Bruno Mars and Kendrick Lamar were the big winners at the 60th Annual Grammy Awards, with Mars taking home six statues and Lamar earning five awards. While their victories didn’t come as that big of a shock, there were a few first-time winners that caught our eye.Festival favorites The Infamous Stringdusters picked up their first Grammy last night when their 2017 release Laws of Gravity was named Best Bluegrass Album. Founded in 2007, the band—Andy Hall (dobro), Andy Falco (guitar), Chris Pandolfi (banjo), Jeremy Garrett (fiddle), and Travis Book (upright bass)—has put out eight studio albums and recently announced the launch of their new record label. “Cannot thank you all enough for being along for this ride!,” The Infamous Stringdusters said in a statement. “Winning this award was made even better by sharing the honor with Rhonda Vincent.” (In a rare tie, Vincent’s’ All The Rage – In Concert Volume One also won a Best Bluegrass Album award). After a handful of past nominations, LCD Soundsystem earned their first-ever Grammy for their 2017 single “Tonite”, which took home Best Dance Recording. Their comeback album American Dreams was nominated for Best Alternative Music Album, though it lost to The National‘s Sleep Well Beast.Interestingly, electronic music legends Kraftwerk earned their first in-competition Grammy at last night’s show, despite having already been honored with a Lifetime Achievement Award and a spot in the Grammy Hall of Fame. The pioneering German outfit beat out a much younger field to win Best Electronic/Dance Album for their 2017 release 3-D The Catalogue, a record that was borne out of a retrospective project the band showcased at museums and music venues.In a less surprising move, the winners in the blues categories were decidedly on the older side as well. Taj Mahal and Keb’ Mo’ picked up Best Contemporary Blues Album for their collaborative release TajMo, while rock icons The Rolling Stones won Best Traditional Blues Album for Blue & Lonesome, their first studio release in 11 years.Portugal. The Man beat out rising pop stars The Chainsmokers and Luis Fonsi & Daddy Yankee to win their first Grammy, an award for Best Pop Duo/Group Performance for their single “Feel It Still”. Evidently, the group didn’t take the honor very seriously, as their acceptance speech saw frontman John Gourley pretend to wipe his butt with the trophy while bassist Zach Carothers declared “Hail Satan!”.Other winners at last night’s ceremony included John McLaughlin (Best Improvised Jazz Solo), Alabama Shakes (Best American Roots Performance), Jason Isbell & The 400 Unit (Best Americana Album and Best American Roots Song), The War on Drugs (Best Rock Album), and many more. You can check out the full list of winners here.
continue reading » ShareShareSharePrintMailGooglePinterestDiggRedditStumbleuponDeliciousBufferTumblr Good morning from NAFCU’s spring Regulatory Compliance School! Sometimes a question from a member leaves me digging around in the Federal Register looking for more information. Where a rule or its commentary still leave you wondering what is required, those old preambles can provide clarity. It’s pretty satisfying when that actually happens. Other Federal Register dumpster dives are less illuminating but helpful anyway. Today’s blog covers one of these recent research efforts.As credit unions who sell mortgage loans to Fannie Mae or Freddie Mac (the GSEs) are likely aware, there is a new Uniform Residential Loan Application (URLA) coming. For applications received on or after February 1, 2020, credit unions who sell loans to the GSEs will be required to use the new URLA. The GSEs are allowing lenders to start using the redesigned URLA as early as July 1, 2019. The URLA was updated in 2016 in anticipation of compliance with changes to Regulation C(HMDA) that require seeking specific race and ethnicity information from borrowers. However, these additional upcoming changes to the URLA are more significant.Many credit unions use the URLA for mortgage loans even though they are not selling to the GSEs. Why is that? Likely because of Regulation B, where Appendix B to the rule has model application forms including the 2004 version of the URLA. Regulation B has some general rules against seeking information from credit applicants. Use of one of the model applications in Appendix B is generally considered to be in compliance with provisions in the rule that limit credit unions from asking for certain information. While there are some exceptions, there are general rules against:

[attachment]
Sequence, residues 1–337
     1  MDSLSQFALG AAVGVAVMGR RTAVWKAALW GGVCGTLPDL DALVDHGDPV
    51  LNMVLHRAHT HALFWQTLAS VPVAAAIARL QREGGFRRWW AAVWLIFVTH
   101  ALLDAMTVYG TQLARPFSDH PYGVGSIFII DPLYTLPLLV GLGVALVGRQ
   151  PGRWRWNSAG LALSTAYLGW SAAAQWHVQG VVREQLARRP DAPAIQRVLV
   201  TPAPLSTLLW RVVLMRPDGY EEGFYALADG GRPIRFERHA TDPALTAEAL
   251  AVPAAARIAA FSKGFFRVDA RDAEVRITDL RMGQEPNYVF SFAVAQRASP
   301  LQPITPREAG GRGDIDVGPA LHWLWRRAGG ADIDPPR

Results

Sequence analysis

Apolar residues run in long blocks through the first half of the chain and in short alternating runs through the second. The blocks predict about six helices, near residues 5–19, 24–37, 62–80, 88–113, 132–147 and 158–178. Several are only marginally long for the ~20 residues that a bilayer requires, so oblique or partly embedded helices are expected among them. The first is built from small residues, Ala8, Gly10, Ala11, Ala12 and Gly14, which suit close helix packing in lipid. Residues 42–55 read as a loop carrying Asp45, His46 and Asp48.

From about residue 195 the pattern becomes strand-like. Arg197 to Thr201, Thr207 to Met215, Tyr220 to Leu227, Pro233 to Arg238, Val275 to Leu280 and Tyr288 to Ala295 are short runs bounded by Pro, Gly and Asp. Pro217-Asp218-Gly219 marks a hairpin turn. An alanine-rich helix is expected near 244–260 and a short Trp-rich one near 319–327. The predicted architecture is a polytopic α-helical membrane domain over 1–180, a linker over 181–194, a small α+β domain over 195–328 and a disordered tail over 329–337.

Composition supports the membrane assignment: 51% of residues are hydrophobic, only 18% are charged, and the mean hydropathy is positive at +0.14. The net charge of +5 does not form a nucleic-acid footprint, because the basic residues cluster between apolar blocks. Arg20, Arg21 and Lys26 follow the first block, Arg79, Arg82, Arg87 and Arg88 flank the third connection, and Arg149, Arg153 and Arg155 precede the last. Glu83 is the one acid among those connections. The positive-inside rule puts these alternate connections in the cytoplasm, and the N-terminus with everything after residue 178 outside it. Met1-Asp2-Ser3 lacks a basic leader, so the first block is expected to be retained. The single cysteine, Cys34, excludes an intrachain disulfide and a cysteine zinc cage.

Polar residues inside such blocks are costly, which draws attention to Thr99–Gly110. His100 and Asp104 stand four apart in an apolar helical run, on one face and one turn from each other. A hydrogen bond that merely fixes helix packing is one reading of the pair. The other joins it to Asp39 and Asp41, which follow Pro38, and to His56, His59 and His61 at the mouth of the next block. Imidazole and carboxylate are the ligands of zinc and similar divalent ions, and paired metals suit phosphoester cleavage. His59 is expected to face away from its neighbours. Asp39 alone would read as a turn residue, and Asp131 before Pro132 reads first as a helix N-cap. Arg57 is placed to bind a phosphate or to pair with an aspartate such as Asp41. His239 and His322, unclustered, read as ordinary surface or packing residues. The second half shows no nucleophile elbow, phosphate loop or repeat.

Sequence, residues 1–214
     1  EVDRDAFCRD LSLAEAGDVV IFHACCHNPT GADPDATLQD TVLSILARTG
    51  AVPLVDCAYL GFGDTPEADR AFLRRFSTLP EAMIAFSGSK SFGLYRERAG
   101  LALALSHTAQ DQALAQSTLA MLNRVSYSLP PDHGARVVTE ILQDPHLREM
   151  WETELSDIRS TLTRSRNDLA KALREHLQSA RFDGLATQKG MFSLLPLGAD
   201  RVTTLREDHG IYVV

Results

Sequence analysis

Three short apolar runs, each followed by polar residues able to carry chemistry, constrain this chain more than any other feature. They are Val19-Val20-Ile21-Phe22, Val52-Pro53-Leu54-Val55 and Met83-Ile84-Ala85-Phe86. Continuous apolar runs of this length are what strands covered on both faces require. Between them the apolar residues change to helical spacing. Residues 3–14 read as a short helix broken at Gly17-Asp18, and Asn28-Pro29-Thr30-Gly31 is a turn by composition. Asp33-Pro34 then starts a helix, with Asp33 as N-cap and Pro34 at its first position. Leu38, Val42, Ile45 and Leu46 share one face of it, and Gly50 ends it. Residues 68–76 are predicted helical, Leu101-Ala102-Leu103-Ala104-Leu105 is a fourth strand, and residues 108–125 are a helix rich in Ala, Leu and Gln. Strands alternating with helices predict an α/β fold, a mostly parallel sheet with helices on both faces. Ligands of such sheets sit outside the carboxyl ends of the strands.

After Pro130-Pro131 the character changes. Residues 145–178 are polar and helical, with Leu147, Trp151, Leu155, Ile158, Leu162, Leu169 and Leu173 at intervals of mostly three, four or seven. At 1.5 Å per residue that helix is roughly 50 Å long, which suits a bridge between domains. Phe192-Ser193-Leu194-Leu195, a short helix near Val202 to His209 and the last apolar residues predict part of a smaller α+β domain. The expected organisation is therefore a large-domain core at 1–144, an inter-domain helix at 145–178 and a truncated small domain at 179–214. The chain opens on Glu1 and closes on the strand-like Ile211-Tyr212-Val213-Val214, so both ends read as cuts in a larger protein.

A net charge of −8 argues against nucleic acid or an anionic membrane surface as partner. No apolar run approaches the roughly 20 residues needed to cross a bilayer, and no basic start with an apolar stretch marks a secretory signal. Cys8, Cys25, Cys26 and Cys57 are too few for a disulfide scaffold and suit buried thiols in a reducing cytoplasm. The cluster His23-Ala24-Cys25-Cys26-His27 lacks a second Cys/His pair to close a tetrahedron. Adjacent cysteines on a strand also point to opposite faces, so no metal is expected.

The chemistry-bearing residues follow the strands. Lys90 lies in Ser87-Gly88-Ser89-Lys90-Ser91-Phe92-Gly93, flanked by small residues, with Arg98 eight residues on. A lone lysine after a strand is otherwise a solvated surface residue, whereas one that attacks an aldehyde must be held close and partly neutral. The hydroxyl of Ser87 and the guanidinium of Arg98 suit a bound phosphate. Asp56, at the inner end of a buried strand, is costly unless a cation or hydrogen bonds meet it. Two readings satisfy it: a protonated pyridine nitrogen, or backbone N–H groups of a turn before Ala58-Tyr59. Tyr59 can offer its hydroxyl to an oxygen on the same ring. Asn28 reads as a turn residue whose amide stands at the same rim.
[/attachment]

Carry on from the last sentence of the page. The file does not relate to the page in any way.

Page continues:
… 2016 Champions bow out in controversyMOUNT MAUNGANUI, New Zealand (CMC) – West Indies Under-19s title defence ended in shambles with a heavy 76-run defeat to South Africa Under-19s, but controversy accompanied their disappointing exit from the ICC Youth World Cup here yesterday.Asked to chase 283 at Bay Oval, the young Caribbean side collapsed from 177 for four in the 39th over to 206 all out in the 46th, to crash to their second straight defeat following their loss to hosts New Zealand Under-19s in their opener last Saturday.Alick Athanaze top-scored with 76 and Kirstan Kallicharan chipped in with 44 but fast bowler Hermann Rolfes rocked the Windies with four for 33 to put South Africa in command.The defeat left the reigning champions third in Group A without a point thus eliminating them from reaching the second round.To complicate matters, captain Emmanuel Stewart sparked a firestorm during the South Africa innings when he appealed for an obstructing-the-field dismissal and had batsman Jiveshan Pillay controversially given out.The left-handed Pillay had effortlessly cruised to 47 off 51 deliveries when he inside-edged a drive at fast bowler Jarion Hoyte and then watched carefully as the ball rolled to a stop next to his stumps.However, he subsequently picked up the ball and tossed it to Stewart who then appealed and after umpires consulted, Pillay was given out for obstruction under Law 37.4.Stewart’s actions drew heavy criticism from past and current players, reminiscent of the Mankad incident during the last Under-19 World Cup when West Indies also found themselves at the centre of controversy.The contentious decision also soured the contest and detracted from South Africa’s innings, highlighted by a superb, run-a-ball unbeaten 99 from wicketkeeper Wandile Makwetu.Gerald Coetzee chipped in with 29 and Kenan Smith, 22, as the South Africans got up to a challenging 282 for eight off their 50 overs after they were sent in.Pillay, who struck five fours and two sixes, put on 56 off 64 balls for the first wicket with Matthew Breetzke (18) before five wickets tumbled for 56 runs to leave the young Proteas tottering on 112 for five in the 27th over.The right-handed Makwetu, batting at number five, then stitched up the innings in a 58-run stamd for the sixth wicket with Smith before adding a further 31 for the seventh wicket with Jade de Klerk who made a cameo 21 from 16 balls.However, it was Makwetu’s 67-run, eighth-wicket stand with Coetzee which provided the late momentum as South Africa gathered a whopping 77 runs from the last five overs.Makwetu struck 12 fours and a six and combined with Coetzee to plunder 27 from the final over sent down by fast bowler Ronaldo Alimohamed.In reply, West Indies were given a sound start by openers Kimani Melius (24) and Keagan Simmons (20) who put on 38 off 42 deliveries for the first wicket.Once the left-handed Simmons was given out caught behind down the leg-side off seamer Coetzee (2-21), however, the Windies lost four wickets for 49 runs to decline to 87 for four at the end of the 21st over.Stewart was bowled for two in the 12th over needlessly giving Rolfes the charge, Melius nicked a push at left-arm pacer Akhona Mnyaka and was caught behind while Bhaskar Yadram (13) was also caught at the wicket by Makwetu, cutting at left-arm spinner de Klerk (2-40).With West Indies stuttering, the left-handed Athanaze combined with Kallicharan in a 90-run, fifth -icket stand which put the South Africans under pressure.Athanaze faced 100 balls and counted six fours and a six while Kallicharan stroked five fours and a six in a handsome 50-ball knock.Rolfes proved the trump card in the end, returning to trap Kallicharan lbw in the 39th over, triggering a dramatic slide which saw the last six wickets perish for 29 runs.Athanaze was the ninth batsman out, in the 45th over after smashing a return catch to the enterprising Rolfes.